Tar sands imports to Europe are set to rise dramatically, to over 700,000 barrels per day (bpd) by 2020, up from 4,000 bpd in 2012, according to the study. This, it says, would result in an emission increase in transport equivalent to six million additional cars on European roads.
The EU’s current Fuel Quality Directive (FQD) aims to reduce greenhouse gas intensity by 6% by 2020, but the NRDC report suggests that rising tar sands imports will lead to a 1.5% increase of greenhouse gas intensity”.
Tar sands are considered 23% more carbon intensive than conventional oil, experts say. An EU review of the FQD currently underway will soon decide exactly what carbon intensity label should be applied to tar sands. But under a new climate package unveiled yesterday, the FQD's writ will run out in 2020, a development that will please Canada.
Canada searching for new markets
While the United States is currently the biggest oil market in the world, Canada is actively looking for new trade opportunities, notably with Europe, the second biggest energy market.
With the growth of US shale oil taking up a large part of US refineries’ capacity and Canada's tar sands production planned to increase by 5.8 million bpd by 2030, new export markets are deemed essential for Canada's unconventional oil industry.
The building of the Energy East pipeline, recently proposed by TransCanada, is designed for such exports and “oil company executives have mentioned Europe, and in particular Spain,” the report notes.
Although Europe as a whole lacks refining capacity, Spanish oil companies are an exception. According to the study, “a number of refineries in Spain can process heavy crudes, including diluted bitumen. In addition, the Spanish oil company Repsol has existing ties with TransCanada’s key partner Irving oil.”
“According to the International Energy Agency, European refineries are investing in additional capacity to refine heavy crude, which is expected to increase by 70% between 2008 and 2018. Many refineries, such as Repsol’s Cartagena and Bilbao refineries, are already configured to maximise the input of heavy crudes,” the NRDC paper adds.
“These refineries can take either Venezuelan or Canadian tar sands oil and the capacity is sufficient to absorb all the crude that would come via the Energy East pipeline.”
Another 'pathway to Europe' identified by NRDC is the Keystone XL pipeline, “which could add another 830,000 bpd of capacity from tar sands to the Gulf Coast adding to 110,000 bpd currently received. This means that the volume of tar sands processed in Gulf refineries could grow to nearly 24% of all crude by 2020".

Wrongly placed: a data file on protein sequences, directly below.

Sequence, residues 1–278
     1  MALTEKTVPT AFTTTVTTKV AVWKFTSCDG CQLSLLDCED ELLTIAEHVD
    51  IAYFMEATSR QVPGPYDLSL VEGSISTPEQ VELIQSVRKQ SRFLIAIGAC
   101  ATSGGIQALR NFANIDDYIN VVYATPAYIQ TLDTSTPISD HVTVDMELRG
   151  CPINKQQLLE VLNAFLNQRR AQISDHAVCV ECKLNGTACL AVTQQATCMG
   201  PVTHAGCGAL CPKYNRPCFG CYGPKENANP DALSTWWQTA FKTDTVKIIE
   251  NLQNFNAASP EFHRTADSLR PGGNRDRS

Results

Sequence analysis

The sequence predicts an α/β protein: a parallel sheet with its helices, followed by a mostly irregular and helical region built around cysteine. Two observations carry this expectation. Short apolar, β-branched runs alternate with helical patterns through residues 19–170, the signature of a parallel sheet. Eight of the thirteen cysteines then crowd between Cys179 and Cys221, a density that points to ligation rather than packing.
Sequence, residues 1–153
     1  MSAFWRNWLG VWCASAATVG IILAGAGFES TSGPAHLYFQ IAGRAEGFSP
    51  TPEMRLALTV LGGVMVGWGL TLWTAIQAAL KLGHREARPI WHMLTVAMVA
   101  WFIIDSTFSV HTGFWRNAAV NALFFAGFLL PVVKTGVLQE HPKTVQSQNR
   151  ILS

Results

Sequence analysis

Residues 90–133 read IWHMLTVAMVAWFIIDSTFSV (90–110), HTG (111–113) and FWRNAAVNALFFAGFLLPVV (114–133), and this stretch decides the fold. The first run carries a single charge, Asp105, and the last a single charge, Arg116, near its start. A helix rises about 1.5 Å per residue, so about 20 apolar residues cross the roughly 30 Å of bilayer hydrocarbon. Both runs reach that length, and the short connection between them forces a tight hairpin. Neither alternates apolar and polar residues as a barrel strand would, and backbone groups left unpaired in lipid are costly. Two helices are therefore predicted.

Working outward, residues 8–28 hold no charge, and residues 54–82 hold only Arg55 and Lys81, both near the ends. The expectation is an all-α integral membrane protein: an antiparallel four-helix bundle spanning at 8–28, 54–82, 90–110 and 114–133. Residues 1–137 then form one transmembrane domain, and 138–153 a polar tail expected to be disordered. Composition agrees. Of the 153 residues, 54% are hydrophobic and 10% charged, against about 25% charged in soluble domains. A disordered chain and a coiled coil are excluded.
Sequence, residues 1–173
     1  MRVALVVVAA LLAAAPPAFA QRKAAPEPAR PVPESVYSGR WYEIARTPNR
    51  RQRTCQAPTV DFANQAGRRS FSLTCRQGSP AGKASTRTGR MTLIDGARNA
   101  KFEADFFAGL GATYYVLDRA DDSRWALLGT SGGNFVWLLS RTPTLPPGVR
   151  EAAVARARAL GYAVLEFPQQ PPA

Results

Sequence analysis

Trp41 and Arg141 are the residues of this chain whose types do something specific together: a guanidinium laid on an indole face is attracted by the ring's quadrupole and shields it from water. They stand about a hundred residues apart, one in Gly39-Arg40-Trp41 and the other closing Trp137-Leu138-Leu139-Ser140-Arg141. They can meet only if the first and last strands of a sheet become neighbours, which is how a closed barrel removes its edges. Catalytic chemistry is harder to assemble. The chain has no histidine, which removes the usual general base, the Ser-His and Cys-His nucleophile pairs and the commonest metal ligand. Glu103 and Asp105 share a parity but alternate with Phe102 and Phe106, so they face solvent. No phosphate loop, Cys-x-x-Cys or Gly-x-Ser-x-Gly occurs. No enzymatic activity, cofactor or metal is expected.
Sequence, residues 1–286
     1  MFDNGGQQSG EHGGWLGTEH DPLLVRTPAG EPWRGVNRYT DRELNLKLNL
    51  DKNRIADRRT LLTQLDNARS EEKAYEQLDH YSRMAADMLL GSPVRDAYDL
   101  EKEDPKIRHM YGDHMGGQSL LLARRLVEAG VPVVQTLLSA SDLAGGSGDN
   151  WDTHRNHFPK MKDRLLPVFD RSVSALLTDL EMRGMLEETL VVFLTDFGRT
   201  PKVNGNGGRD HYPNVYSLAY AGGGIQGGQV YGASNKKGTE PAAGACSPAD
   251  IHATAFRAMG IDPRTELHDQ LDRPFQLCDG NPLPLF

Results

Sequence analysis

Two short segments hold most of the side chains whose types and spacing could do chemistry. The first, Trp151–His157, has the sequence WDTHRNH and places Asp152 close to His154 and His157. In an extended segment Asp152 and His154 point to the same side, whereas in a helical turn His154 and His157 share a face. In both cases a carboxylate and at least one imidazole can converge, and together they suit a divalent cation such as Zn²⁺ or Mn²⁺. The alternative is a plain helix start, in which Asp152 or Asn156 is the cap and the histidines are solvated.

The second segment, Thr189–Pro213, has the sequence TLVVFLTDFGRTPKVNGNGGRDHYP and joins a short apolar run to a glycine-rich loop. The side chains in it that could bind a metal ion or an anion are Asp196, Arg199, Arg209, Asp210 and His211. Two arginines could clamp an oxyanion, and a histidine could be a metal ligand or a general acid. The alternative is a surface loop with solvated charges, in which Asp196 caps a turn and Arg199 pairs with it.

EU FQD’s implementation 'crucial'
The NRDC study is also challenging the results of the European Commission’s studies into tar sands.
Unlike the EU’s figure of 0.2% of unconventional oil supply from Canada, the US NGO has calculated that, due to changes on the North American market, Canadian exports to the EU would amount to between 5.3% to 6.7% of EU transport fuel consumption in 2020, citing International Energy Agency (IEA) oil consumption estimates as evidence.
This in turn would “increase the greenhouse gas intensity of European transport fuels by around 1.5%," the paper says. "This represents a quarter of the 6% reduction target.”
Nuša Urbancic from the NGO Transport and Environment (T&E) said of the contrast between the two sets of figures, “one of the factors may be that the construction of the Energy East pipeline only became public after the Commission’s study".
Whatever the reasons, environmental NGOs call on the European Commission to strengthen and properly implement the Fuel Quality Directive. If it is abolished, it is unclear yet what, if any, EU fuel policy would follow.
The FQD is “one of the key instruments to reduce future demand for tar sands and drive the fuel market in a cleaner direction. Studies have shown that a proper implementation of the directive would lead to global GHG emissions reductions of 19 million tonnes per year,” a T&E statement read.
The FQD was adopted in 2009 and has set a 6% GHG emission reduction target to be achieved by 2020 through the use of biofuels, renewable electricity and a reduction in the flaring and venting of gases during the extraction of fossil fuels.
An increased use of tar sands would make the 6% target more difficult to achieve.
Holding suppliers accountable
Two options are on the table to reduce the extra emissions caused by the use of tar sands:
- The first is to make each supplier report on their tar sands fuels, which can only be done if they are correctly labeled for their carbon intensity. This is privileged by environmentalists and would “discourage the imports”.
- The second one is for fuel suppliers to reduce their emissions by blending in more biofuels, although the NRDC paper says that greenhouse gas emissions from biofuels “continue to be underestimated despite scientific evidence”. If the directive does not oblige companies to individually report their emissions, the industry would go for this option.
The NDRC has calculated that an extra 3% biofuels that deliver around 50% GHG savings would be needed to offset the 1.5% increase caused by tar sands. Today’s biofuels volume (estimated at around 5%) costs Europe €6 to 8 billion a year. Supplying 3% more biofuels would therefore cost up to €4.8 billion more.
“This means that the cost of meeting the higher FQD target with biofuels alone would increase by around €4 billion a year, whilst also increasing environmental pressures. This cost would ultimately be borne by European drivers and taxpayers,” the study said.